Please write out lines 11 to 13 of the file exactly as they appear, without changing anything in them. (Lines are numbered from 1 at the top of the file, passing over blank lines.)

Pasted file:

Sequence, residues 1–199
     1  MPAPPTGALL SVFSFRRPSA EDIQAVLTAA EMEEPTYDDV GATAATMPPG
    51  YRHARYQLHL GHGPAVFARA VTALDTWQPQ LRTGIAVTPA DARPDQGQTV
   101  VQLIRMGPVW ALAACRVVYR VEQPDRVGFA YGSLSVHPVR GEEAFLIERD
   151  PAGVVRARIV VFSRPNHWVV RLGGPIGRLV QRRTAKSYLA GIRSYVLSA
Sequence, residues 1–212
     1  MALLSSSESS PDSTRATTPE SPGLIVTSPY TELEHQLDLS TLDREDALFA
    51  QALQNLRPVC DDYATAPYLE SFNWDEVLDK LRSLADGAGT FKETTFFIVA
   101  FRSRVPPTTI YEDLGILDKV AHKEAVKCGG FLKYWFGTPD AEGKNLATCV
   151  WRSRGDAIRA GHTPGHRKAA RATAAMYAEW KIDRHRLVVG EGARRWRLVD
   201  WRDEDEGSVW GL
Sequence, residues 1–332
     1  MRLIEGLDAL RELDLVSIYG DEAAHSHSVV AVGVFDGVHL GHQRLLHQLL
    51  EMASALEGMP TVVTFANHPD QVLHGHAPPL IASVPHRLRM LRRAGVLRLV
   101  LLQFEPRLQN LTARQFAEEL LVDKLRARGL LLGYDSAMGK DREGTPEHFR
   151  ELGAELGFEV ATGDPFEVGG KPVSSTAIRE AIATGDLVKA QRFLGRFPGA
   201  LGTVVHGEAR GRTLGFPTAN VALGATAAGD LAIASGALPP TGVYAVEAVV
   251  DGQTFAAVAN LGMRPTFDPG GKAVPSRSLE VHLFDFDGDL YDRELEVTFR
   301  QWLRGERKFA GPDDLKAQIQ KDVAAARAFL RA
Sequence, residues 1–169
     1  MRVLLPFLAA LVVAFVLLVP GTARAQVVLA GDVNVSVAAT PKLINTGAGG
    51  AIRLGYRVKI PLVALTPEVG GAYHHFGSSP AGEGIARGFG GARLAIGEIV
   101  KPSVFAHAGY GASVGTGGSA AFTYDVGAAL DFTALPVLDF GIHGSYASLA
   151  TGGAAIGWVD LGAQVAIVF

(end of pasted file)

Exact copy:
   201  WRDEDEGSVW GL
Sequence, residues 1–332
     1  MRLIEGLDAL RELDLVSIYG DEAAHSHSVV AVGVFDGVHL GHQRLLHQLL